Pursuing an artistic life or a spiritually gifted life or a life of motherhood – these have all seemed like luxuries for those who planned for it, those who followed that path all along. I felt like I could only legitimately pursue those things if I was earning them by doing other things. But I was incapable of doing all of it.

Even though I’ve long believed you can have everything just not at the same time, I was trying to do exactly that. I was trying to have everything at the same time.

Where I Stand

A few weeks ago, I put up my resume and decided to throw myself headlong into the creative life. Old me would feel selfish. New me knows that trying to do all of it at once was selfish and this, this is realistic optimism. I’m not hiding this from any parts of my life and I’m not trying to live more than one life at a time.

I am still grappling with the spiritual aspects of this because I think it’s hard in the faith community of which I am part to cling to spiritual gifts beyond marriage and motherhood and feeding others. I am still struggling with how to create in a productive and stable way. I am still mediating motherhood with creativity.

But I’ve begun.

I am using alchemy to combine my love for motherhood, my spiritual calling, and my creative truth, knowing I may fail spectacularly. That risk is how I know I’ve done more than existed. It’s how I’ll know I lived.

The Reinvention of Me

This is the reinvention season. The time when life either spirals or centers. We remake houses and children, hastily shellacking both with a festive, serene varnish. We remake old acquaintances with holiday greetings. We remake wish lists. We remake goals, promises, priorities.

This year, 2015, was to be my year of intentional living, and I set the bar high. Life did not get the memo. It intervened in unforeseen ways that threw me into doubt and distraction. Still, I managed several things on my intentional living plan.

‘Tis time to chart a course for 2016. My theme: Reinvention of Me. What’s that even mean? That I hear my own voice clearly. That I build up my world without burning it down. That I get nice and comfy in my own skin, in my own mind, and in my own capabilities.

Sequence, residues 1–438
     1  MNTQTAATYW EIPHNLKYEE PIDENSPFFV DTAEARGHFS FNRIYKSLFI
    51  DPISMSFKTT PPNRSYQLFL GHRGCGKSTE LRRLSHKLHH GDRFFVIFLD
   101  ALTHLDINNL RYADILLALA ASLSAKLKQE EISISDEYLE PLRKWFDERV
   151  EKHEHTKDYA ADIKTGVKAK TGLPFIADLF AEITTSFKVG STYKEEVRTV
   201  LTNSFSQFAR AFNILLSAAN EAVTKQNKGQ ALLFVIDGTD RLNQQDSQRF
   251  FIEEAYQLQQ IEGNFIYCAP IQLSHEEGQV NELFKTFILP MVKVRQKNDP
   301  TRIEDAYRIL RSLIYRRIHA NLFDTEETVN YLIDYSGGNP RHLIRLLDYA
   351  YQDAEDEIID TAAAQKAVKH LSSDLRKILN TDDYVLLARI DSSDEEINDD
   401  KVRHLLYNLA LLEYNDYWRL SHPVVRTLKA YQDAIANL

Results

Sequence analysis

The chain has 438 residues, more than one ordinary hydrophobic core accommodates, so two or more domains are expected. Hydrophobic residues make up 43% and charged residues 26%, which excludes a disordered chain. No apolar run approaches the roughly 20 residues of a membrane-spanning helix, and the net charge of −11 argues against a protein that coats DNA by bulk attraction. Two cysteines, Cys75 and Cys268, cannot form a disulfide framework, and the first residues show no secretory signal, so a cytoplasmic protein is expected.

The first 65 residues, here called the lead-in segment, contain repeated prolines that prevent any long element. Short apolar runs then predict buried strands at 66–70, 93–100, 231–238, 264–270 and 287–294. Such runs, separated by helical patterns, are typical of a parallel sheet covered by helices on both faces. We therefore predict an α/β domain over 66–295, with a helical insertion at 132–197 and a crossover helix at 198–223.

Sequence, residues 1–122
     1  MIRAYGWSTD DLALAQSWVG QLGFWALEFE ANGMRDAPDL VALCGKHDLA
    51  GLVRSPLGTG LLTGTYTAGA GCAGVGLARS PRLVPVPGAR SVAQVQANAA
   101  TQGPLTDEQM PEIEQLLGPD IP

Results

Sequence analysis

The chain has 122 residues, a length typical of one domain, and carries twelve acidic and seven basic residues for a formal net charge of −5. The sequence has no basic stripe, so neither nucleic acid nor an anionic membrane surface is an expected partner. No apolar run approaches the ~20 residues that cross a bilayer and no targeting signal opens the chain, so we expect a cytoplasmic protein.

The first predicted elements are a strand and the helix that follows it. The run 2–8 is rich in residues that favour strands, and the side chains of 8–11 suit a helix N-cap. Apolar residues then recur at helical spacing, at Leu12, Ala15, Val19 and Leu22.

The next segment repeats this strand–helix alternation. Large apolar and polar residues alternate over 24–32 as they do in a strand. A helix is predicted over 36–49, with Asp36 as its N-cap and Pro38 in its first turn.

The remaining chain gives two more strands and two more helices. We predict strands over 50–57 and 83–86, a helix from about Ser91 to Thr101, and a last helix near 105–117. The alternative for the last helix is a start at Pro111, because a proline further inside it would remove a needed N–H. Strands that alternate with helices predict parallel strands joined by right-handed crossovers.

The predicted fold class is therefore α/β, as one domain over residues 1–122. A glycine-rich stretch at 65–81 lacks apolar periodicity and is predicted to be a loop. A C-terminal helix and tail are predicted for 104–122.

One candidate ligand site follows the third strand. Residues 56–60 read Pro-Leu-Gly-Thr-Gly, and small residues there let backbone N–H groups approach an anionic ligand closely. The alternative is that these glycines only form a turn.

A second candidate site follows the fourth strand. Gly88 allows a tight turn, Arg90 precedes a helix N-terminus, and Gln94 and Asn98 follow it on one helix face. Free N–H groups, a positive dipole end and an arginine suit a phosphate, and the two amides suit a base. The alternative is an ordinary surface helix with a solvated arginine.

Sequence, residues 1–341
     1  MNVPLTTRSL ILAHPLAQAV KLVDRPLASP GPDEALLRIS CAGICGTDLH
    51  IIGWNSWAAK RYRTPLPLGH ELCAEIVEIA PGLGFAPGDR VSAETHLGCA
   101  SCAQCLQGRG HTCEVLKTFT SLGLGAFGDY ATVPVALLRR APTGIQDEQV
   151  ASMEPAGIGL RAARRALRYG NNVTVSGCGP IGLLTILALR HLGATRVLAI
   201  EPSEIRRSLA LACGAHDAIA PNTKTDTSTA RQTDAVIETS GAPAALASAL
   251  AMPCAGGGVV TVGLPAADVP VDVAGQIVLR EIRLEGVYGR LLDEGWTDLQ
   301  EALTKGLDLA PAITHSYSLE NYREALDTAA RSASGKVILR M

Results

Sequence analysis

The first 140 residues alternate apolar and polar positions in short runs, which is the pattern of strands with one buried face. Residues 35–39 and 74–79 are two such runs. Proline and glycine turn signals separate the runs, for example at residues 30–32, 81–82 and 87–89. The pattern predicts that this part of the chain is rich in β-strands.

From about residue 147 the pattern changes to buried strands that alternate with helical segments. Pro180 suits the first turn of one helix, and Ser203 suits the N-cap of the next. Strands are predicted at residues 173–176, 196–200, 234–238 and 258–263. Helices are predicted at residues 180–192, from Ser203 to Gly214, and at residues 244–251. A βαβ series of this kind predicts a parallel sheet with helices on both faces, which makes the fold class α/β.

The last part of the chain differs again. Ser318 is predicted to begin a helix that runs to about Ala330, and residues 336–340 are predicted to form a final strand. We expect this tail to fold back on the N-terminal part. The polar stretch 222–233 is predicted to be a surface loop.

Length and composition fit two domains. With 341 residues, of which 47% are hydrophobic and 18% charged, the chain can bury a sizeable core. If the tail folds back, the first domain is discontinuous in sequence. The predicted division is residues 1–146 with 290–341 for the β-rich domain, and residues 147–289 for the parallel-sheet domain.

Sounds hard. I suspect it will be a challenge. ‘Most every second. That’s what makes it worthwhile.

My biggest enemies include, inter alia: worry, hesitation, holding back. These are the microfailures that prevent growth. They are all noise, no signal. They are the barriers I laboriously assemble and then curse as if I had nothing to do with them. They are my safe harbors, where I can peek into life and say, “Yeah, I totally wish I could do that awesome kick-ass thing over there but…barriers! Dash it all!” And then I snap in an aw-shucks way and smirk because I obviously live in the 1940s.

Don’t be misled: I also fear failure. But, listen, success? That’s terrifying. You succeed, the bar rises. You succeed enough and folks start glancing your way. Pretty soon, people get EXPECTATIONS and all manner of fancy notions. Pretty soon, people start deciding they have a lot to say about you and the stuff you do.

And you know what? Those are the things I want. A challenge. Success. Expectations. Not a peek into life but a romp through it. This should get interesting.

Professional Reinvention

After teaching with Amridge University for the last four years, I am looking for a new adventure. My job search centers now on three ideals: 1) work that increases the good in the world, 2) work that fully employs my skill sets, and 3) work that pushes me toward personal and professional growth.